A Weekly ComputorEdge Column by Douglas E. Welch





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September 6, 2002

Blogging for business

© 2002, Douglas E. Welch

As a high-tech careerist you are probably familiar with weblogging, a growing trend on the Internet. Weblogs, or blogs as they are usually called, are popping up on every conceivable topic, from quilting to quantum physics. While many of these blogs take on the appearance of an electronic personal journal, blogs can also be used as a business tool to help you build your high-tech career.

There are several blogs that I read nearly every day. Most are focused around high-tech topics or discussion of recent news stories. After reading these for a while I decided that I also had a use for a blog. I could use it as a way to quickly and easily share information with my clients. My Word, ( is designed as a business tool, providing a collecting space for all those small tidbits of information I come across on a daily basis. Previously, I may not have shared a bulk of this information because, alone, it really didn’t seem important enough to send an email to all my clients. Collectively, though, the information can be very useful and clients like having a resource that they can check whenever they have the time.

What to include

The first step to developing your own blog is to consider what you want to include. This is only to get you started, though. As the blog grows you will find yourself fine-tuning the content as your needs, and the needs of your clients, dictate.

My Word reflects my own varied interests (and prejudices). It contains links to new software and upgrades, books that I have found, interesting useful web sites I have found in my travels and events and activities happening in the LA area. I think this combination of topics provides a good mix of hard information and entertainment. Your clients aren’t always working and they might like information on interesting topics outside of their business. In my case, I also run a mailing list for LA events, so even these entries are somewhat related to a business purpose. The variety of postings also reveals a bit about my own person interests without exposing the nitty-gritty of my everyday life to my clients. They learn something about me as a person, but not everything.

What not to include

In a previous Career-Op article (Keep it to yourself, 2/23/01, I asked you to consider what information you are sharing with your co-workers and employers. I believe that many of the same rules also apply to blogging, especially when blogging for business.

First, it might be detrimental to post blog entries detailing your adventures in the club scene or dating. Your clients probably don’t want to know the details of your sex life or drinking habits. You would not necessarily brag to your boss about how drunk you were Saturday night. You probably shouldn’t share this with your clients either. Then again, if your clients are looking for information on the club scene or substance abuse issues, maybe you would include these topics. The best general rule is to know your audience.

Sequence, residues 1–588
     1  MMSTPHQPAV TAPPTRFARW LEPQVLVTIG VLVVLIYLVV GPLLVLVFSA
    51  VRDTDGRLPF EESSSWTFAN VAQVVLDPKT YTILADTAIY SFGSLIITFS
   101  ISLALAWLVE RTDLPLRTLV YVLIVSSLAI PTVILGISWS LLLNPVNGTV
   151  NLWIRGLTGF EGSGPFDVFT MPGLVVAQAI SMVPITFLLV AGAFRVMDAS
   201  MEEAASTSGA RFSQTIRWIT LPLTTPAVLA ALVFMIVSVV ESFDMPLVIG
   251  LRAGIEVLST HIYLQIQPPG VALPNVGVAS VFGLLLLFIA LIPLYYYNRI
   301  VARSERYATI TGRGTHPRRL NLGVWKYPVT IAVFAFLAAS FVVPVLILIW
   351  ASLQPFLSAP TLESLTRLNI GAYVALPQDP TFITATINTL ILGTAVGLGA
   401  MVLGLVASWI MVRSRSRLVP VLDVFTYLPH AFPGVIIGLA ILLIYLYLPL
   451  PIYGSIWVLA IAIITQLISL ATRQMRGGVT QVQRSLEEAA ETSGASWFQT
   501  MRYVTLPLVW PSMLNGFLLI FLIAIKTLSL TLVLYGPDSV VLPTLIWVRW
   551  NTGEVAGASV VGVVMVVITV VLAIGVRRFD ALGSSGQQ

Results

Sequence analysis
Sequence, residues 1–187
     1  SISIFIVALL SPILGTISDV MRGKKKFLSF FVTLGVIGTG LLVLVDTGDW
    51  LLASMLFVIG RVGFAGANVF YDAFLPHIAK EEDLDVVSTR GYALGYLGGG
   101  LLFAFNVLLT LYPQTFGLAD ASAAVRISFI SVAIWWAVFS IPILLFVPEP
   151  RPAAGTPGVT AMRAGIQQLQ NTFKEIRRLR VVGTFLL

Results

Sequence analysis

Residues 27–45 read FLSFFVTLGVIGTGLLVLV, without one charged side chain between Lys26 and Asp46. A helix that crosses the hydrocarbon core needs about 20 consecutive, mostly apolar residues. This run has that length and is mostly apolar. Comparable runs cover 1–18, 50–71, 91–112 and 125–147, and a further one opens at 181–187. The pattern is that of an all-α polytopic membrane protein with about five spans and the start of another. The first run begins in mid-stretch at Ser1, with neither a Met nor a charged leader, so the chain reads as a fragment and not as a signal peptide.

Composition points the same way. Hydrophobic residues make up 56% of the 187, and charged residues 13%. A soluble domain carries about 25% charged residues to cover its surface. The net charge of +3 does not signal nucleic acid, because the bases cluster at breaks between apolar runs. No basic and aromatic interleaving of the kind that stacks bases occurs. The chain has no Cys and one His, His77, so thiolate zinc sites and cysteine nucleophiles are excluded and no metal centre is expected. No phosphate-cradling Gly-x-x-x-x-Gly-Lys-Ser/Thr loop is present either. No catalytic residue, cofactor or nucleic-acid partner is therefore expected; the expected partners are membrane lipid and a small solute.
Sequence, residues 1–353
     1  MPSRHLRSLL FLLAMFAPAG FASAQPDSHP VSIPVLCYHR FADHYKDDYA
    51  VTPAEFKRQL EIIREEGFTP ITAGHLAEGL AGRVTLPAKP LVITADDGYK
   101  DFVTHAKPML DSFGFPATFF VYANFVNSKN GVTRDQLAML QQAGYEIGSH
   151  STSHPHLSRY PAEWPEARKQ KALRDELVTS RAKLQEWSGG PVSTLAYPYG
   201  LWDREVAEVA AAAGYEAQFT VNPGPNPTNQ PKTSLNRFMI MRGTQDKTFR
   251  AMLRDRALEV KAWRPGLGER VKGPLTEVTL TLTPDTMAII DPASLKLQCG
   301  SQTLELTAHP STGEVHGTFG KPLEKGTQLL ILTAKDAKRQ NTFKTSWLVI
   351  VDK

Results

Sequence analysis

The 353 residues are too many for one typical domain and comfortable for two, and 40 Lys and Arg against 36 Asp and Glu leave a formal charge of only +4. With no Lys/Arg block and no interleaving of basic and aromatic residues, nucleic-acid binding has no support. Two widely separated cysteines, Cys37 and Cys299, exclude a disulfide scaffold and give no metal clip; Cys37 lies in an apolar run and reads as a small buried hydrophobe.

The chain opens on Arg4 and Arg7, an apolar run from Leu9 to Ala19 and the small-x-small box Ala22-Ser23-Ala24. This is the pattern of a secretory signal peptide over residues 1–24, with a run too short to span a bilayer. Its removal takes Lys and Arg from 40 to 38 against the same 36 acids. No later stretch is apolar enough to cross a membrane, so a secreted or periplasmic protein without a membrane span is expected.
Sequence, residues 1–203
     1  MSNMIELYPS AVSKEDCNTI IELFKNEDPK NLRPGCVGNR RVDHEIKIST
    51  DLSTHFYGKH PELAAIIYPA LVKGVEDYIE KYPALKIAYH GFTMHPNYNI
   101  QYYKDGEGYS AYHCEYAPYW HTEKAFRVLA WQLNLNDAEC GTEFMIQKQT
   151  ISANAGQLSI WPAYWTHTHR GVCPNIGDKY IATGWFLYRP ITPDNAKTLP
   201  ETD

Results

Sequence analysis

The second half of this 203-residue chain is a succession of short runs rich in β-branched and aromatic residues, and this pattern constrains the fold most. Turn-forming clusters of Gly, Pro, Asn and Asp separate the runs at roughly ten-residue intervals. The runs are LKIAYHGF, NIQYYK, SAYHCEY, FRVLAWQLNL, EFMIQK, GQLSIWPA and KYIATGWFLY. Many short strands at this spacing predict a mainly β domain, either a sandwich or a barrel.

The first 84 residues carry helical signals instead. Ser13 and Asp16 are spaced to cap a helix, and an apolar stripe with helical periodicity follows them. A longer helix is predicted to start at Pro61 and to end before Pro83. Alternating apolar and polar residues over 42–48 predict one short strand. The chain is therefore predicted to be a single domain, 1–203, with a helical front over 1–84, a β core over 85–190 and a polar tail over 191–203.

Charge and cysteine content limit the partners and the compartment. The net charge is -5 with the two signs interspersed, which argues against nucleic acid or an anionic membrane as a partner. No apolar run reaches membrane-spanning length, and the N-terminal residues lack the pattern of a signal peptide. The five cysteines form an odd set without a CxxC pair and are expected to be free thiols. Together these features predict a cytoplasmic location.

Politics is another topic that doesn’t work well in your blog, unless, of course, your clients all agree with you. That said, I will sometimes address issues that directly effect the technology industry or local issues that effect my readers directly. Direct appeals for political donations for your political party or cause might turn away more clients than they attract. Again, a little sharing is nice, but you want to keep your blog appealing and useful to your clients. If you want to share more personal information, I would recommend you set up another blog strictly for that purpose.

Blogging for business can help you to develop deeper relationships with your clients by providing them useful and fun information. Your blog becomes an extension of your work. It adds depth to the services you provide 24/7. The combination of free access and easy-to-use blogging tools means that you can start blogging today without any investment except your time. Dive into the world of blogs. It is yet another tool to help you grow your high-tech career.

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about this column.

Douglas E. Welch is a freelance writer and computer consultant in Van Nuys, California. Readers can discuss career issues with other readers by joining the Career Opportunities Discussion on Douglas' web page at:

He can reached via email at

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